The Centre for Modelling & Simulation (CFMS), a not-for-profit specialist in digital engineering capability, has teamed up with the University of Edinburgh, Rolls-Royce and other organisations and universities to develop a highly advanced, virtual simulation of an operational gas-turbine for the aerospace industry.
The project by the Engineering and Physical Sciences Research Council (EPSRC) Prosperity Partnership – will enable the research and development of highly advanced engineering simulation and modelling techniques beyond current capabilities in the aerospace sector.
Combining computational science and engineering research, the five-year collaboration will deliver simulation models of a gas-turbine that run at or near exascale. The enhanced resolution and unprecedented levels of accuracy the models generate will provide new insight and understanding, drive new product innovation and create opportunities that will have a direct impact on the competitiveness of the UK.
As part of the Advanced Simulation and Modelling of Engineering Systems (AsiMoV) project, CFMS will independently test, benchmark and evaluate the models as they are developed. Using its state-of-the-art facilities, numerous cross-sector partnerships and regular programme of events, CFMS will enhance the accessibility of the research, in turn maximising the impact of the project outcomes and accelerating adoption of the technology.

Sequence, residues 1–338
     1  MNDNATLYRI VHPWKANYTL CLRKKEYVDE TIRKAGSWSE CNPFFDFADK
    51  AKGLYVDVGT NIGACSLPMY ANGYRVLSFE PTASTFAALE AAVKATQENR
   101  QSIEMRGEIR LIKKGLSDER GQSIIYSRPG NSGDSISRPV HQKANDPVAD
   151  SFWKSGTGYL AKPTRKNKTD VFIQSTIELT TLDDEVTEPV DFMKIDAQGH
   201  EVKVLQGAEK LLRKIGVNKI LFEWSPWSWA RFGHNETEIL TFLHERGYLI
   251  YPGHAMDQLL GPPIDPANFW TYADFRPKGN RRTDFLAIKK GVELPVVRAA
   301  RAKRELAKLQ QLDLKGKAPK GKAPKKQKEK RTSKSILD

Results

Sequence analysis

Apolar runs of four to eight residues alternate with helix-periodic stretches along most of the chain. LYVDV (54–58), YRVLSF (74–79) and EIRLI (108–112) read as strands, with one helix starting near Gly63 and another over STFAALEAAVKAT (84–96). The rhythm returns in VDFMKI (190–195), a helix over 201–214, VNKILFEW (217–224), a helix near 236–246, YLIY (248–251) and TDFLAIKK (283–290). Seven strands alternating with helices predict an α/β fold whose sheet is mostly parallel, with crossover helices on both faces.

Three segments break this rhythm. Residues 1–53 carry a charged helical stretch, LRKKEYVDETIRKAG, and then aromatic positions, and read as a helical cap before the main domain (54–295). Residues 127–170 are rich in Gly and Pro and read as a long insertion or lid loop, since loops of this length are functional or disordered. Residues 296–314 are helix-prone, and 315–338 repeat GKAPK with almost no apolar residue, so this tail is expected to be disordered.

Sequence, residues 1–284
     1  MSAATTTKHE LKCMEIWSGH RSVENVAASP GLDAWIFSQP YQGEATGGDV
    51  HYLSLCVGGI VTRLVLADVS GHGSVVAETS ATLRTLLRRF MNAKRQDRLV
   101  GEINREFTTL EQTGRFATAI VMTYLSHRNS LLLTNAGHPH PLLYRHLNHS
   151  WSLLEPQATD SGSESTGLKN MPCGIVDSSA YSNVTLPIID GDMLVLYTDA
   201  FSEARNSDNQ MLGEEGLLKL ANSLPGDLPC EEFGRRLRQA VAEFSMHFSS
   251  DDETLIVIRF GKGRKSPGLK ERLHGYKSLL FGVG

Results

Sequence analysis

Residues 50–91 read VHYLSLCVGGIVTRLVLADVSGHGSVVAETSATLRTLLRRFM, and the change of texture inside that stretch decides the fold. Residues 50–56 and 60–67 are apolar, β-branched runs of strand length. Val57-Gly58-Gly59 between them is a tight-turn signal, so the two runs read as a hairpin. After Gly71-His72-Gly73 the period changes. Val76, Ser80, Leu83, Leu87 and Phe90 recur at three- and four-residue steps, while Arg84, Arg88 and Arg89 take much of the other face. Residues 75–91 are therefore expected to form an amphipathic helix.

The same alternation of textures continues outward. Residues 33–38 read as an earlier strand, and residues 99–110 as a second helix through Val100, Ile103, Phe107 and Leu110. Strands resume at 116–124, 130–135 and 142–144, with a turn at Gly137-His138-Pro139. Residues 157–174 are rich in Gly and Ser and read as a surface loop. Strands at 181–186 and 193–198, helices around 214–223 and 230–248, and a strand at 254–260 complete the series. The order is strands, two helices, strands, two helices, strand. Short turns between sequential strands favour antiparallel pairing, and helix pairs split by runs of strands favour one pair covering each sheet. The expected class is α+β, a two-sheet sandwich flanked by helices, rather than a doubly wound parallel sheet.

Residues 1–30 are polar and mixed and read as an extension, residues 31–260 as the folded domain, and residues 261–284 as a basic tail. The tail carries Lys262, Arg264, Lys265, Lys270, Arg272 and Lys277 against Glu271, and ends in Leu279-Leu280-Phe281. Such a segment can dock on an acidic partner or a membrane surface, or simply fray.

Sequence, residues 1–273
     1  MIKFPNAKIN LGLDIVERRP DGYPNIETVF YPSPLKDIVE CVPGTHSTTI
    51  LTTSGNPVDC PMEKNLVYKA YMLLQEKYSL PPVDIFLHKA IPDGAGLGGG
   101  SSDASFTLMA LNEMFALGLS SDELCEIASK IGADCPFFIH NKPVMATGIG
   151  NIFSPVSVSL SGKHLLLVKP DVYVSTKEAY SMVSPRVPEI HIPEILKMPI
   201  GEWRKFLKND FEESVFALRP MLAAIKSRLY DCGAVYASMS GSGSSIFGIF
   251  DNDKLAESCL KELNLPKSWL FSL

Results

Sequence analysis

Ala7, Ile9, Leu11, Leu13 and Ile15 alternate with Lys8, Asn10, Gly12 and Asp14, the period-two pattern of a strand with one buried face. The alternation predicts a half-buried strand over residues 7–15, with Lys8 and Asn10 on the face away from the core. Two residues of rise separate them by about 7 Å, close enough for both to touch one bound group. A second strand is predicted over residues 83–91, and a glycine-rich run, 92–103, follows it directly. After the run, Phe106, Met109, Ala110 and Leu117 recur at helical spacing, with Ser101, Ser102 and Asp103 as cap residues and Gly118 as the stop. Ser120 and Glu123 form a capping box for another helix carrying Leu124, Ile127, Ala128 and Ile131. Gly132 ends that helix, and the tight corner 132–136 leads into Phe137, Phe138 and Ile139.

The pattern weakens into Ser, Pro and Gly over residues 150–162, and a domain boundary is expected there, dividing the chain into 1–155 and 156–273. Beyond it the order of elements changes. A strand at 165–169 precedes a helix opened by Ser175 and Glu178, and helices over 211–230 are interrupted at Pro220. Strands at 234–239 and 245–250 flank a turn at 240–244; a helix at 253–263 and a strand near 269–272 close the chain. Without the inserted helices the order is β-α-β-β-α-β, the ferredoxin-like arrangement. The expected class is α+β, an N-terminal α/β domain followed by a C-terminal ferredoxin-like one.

Ian Risk, Chief Technology Officer, CFMS, commented: “Driven by industrial digitalisation and legislation, the next generation of aerospace products demand fundamental changes to engine design and architectures. We are delighted to participate in what will provide a new model for virtual engineering design and certification.”
The partnership is jointly led by University of Edinburgh (UoE) and Rolls-Royce, and involves University of Bristol (UoB), University of Cambridge (UoC), University of Oxford (UoO), University of Warwick (UoW), Zenotech and CFMS.
Prosperity Partnerships are EPSRC’s flagship approach to co-investing with business in long-term, use-inspired, basic research. They are five-year, multimillion pound research collaborations on topics of national and global importance which have been co-created by leading UK universities and businesses with a strong research presence in the UK.
A £20.4m fund has been allocated by the EPSRC to facilitate seven projects which will build partnerships between world-leading computational science, industry and academic organisations.